Can Big Pharma put patients first?BMJ 2013; 346 doi: http://dx.doi.org/10.1136/bmj.f3285 (Published 21 May 2013) Cite this as: BMJ 2013;346:f3285
- Edward Davies, US news and features editor, BMJ
When GlaxoSmithKline (GSK) paid out a $3bn (£1.9bn; €2.3bn) settlement last year it was the largest ever payout for a drug company and was headline news across the world.1
Within GSK, however, it had been seen to be coming for some time. When Andrew Witty took over as chief executive, problems were already on the horizon, says Ellen Strahlman, the company’s former chief medical office (CMO): “Andrew came in in 2008 and had this looming settlement in front of him and asked why did this happen? There were vocal concerns about the timeliness of some data and some major product liability issues, such as with Avandia.”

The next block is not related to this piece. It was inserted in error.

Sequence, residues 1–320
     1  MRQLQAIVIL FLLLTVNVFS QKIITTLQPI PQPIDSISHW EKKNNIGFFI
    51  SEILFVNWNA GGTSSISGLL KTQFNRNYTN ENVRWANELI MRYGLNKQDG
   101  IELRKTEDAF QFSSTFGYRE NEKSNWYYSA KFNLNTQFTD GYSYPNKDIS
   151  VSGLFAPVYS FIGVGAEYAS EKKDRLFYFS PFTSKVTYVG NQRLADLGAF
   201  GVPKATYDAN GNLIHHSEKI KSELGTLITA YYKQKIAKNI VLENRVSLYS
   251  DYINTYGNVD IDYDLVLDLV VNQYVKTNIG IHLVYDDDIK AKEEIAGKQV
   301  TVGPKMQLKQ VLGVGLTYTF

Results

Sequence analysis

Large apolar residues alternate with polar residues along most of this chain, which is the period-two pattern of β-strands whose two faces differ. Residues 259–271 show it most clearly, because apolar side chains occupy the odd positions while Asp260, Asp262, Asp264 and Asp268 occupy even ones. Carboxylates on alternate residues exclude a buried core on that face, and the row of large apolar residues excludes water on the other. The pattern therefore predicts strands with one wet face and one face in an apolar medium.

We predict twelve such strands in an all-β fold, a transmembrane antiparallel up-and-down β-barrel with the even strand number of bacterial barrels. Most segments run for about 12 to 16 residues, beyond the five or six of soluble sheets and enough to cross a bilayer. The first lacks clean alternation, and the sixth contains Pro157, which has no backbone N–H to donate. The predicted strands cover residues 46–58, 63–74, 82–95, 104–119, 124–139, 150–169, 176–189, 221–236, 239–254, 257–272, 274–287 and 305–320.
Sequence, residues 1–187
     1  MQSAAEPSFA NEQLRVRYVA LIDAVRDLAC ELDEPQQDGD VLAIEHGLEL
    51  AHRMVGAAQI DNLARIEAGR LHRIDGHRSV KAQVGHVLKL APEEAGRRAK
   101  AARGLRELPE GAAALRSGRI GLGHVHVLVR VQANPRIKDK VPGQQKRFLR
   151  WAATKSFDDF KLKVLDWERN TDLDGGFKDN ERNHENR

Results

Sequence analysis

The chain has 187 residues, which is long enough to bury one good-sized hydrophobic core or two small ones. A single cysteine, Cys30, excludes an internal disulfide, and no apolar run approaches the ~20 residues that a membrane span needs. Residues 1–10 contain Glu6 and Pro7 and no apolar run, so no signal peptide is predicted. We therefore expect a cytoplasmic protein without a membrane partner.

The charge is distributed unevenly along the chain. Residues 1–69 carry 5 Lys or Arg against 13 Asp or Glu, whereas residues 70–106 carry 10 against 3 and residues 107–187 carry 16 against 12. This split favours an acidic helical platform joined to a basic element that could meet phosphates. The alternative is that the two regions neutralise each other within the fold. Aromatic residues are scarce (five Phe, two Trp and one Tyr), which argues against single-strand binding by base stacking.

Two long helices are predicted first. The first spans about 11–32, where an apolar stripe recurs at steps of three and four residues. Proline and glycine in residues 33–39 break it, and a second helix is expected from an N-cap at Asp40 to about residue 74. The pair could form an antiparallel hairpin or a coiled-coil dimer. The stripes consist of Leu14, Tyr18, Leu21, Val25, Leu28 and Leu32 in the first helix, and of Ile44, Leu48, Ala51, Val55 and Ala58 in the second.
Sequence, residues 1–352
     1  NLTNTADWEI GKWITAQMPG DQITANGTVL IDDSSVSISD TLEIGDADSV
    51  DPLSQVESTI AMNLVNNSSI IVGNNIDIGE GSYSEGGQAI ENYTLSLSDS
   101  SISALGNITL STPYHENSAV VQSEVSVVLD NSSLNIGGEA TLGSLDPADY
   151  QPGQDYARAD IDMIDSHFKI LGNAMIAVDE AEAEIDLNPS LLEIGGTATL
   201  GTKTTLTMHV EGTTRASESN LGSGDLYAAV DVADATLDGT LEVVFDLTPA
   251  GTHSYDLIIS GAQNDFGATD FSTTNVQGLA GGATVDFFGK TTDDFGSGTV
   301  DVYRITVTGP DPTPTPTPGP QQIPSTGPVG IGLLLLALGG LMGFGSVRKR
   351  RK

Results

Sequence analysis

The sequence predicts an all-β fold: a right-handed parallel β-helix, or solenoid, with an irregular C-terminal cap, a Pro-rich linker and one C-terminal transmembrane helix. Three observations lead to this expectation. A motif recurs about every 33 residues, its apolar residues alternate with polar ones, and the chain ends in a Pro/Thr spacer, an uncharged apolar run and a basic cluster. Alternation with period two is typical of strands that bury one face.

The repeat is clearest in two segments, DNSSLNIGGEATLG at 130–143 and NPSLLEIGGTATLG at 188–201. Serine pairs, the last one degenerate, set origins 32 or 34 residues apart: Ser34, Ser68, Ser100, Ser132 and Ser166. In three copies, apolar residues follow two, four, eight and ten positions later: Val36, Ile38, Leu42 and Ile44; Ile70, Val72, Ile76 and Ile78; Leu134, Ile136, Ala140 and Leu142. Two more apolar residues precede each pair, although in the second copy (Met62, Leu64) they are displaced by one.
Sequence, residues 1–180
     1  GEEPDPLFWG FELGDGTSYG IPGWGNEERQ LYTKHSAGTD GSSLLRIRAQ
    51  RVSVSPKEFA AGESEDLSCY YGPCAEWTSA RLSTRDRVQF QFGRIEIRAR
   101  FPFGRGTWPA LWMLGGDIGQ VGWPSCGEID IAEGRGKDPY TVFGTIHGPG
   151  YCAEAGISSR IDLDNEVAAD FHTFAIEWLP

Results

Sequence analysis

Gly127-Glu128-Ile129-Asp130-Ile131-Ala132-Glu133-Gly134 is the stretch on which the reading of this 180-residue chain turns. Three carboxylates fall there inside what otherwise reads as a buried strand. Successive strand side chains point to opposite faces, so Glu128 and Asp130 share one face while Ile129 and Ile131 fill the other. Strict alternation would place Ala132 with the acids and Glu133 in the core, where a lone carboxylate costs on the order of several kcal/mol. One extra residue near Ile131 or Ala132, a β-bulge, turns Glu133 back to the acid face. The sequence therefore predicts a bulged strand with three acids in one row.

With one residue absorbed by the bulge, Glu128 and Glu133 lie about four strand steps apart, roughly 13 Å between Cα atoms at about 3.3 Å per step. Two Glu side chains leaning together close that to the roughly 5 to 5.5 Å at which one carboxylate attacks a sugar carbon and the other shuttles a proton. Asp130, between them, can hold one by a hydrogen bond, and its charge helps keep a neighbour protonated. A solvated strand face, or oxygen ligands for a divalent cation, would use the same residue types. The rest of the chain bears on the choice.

Seeing something had to change one of Witty’s initial moves was to appoint Strahlman as the first of a new breed of chief medical officer for GSK, and for the industry as a whole.
“This was the best way to stop conflict of interests and was a huge step forward for these companies, which is why I took the job,” says Strahlman.
Since then there has been a movement within the industry to have a post such as this at or near the top level of almost every company. Given their relative novelty there are few examples of how far the individuals can influence a company in the long lifecycle of a drug, for example, and as yet it is hard to pin down their exact remit as nomenclature and responsibilities vary enormously between different firms. But common to all is the view that there needs to be a senior medical voice at the top table who speaks for the patient in terms of safety, who can be turned to by business leaders …
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